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  • Writer's pictureDarian

The Day After Election Night: America Is Speaking, But What Message Is She Sending?

It’s November 4 and there is still no decisive winner in the 2020 presidential election. The race for the White House will undoubtedly come down to a few battleground states that will decide whether or not America will move in a new direction or continue down a path led by Trump that has further divided an already divided nation. While the next president is uncertain, one thing is for sure—Americans are on edge. As we learned in 2016, elections have consequences and this is particularly true for Black LGBTQ+ Americans. 

The Reckoning assembled a virtual group of five Black queer men on election night to collectively watch and provide political analysis on election results across three major cable news networks (CNN, MSNBC, FOX) in real-time; Kipper Jones, Anthony Antoine, Justin Smith, Malcolm Reid, and Michael Ward all lent their voice to the discussion. The result was a robust political exchange around the state of America under Trump’s leadership, what his ascent to power says about our country, the role the media plays in shaping the narrative, Black male support for Trump’s presidency, and ultimately the kind of country they’d like to live in regardless of who is sitting in the Oval Office. 

For American journalists, election night is their Super Bowl. And while it may be exciting inside newsrooms, it is a source of increased anxiety for many voters watching at home. This is exactly why Michael Ward says he avoided news coverage until late on election night.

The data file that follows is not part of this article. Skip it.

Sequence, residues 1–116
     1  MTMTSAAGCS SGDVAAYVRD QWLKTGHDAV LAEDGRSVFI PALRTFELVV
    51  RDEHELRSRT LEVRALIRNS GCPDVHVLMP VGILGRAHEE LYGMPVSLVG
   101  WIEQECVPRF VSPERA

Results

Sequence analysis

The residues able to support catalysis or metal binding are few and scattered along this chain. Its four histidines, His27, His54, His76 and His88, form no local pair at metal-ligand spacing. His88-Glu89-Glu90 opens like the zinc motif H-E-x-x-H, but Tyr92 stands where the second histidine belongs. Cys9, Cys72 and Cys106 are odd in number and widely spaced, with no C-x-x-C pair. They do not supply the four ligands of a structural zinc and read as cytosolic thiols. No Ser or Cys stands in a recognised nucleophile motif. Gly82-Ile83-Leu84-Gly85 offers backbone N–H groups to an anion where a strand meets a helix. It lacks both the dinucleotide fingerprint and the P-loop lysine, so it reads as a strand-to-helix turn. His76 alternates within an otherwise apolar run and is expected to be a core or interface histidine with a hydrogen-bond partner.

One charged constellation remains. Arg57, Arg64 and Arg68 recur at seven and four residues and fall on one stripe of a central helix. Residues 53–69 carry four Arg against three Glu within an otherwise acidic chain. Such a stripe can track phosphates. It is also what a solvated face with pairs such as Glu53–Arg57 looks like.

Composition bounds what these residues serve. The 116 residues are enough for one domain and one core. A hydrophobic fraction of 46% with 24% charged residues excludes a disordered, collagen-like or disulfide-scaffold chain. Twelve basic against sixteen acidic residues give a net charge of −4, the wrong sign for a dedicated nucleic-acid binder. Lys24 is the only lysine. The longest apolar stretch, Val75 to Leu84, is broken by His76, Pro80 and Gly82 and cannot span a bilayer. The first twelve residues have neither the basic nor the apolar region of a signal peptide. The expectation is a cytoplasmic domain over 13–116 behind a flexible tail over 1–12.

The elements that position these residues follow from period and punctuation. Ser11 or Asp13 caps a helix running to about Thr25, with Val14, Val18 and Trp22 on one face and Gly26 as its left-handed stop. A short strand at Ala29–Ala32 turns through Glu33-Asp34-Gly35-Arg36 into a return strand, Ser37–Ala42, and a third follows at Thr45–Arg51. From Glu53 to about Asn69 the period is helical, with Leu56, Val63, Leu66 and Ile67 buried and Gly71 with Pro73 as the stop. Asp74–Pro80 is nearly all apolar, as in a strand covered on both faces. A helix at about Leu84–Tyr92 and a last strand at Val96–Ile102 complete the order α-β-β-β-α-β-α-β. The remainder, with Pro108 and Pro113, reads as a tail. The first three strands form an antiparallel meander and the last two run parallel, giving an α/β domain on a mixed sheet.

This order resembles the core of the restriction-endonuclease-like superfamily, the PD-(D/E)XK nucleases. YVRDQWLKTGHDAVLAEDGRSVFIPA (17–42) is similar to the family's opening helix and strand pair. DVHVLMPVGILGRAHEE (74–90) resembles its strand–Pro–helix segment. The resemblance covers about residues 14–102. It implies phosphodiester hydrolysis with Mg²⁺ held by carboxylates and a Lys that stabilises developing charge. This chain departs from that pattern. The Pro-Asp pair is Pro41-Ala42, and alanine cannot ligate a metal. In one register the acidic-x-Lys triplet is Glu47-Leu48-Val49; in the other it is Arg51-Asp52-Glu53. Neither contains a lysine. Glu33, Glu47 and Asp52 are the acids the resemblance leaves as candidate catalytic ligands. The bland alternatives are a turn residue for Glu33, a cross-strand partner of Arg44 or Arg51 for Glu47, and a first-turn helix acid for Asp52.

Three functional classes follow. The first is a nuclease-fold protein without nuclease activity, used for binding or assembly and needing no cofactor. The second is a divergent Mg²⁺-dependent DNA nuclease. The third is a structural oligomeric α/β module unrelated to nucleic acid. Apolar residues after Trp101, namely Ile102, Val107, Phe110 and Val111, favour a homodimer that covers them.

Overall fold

“I’ve purposely been avoiding all of this today,” he said. “I’ve just been trying to fill my day with other things that have brought me joy to kinda brace myself.” 

Like many Americans who are hopeful for a Biden presidency based on the record-breaking turnout for early voting, Democratic-leaning absentee ballots, and favorable polls showing a consistent lead for Biden over Trump, there is still residual scarring from the 2016 political defeat of Hillary Clinton who won the popular vote but lost the electoral college—a system that Kipper Jones believes needs to be abolished. 

“That has to be a part of the conversation of the next administration. That whole process of the electoral college and how that is no longer necessary because we don’t have slave states anymore...let’s talk about it. I think it needs to be abolished. There’s no need for it,” said Jones. 

“It seems like it’s the only way that Republicans will be able to be competitive in presidential races,” said Justin Smith. “They’re not going to have an incentive to get rid of it because it’s their pathway to power.” 

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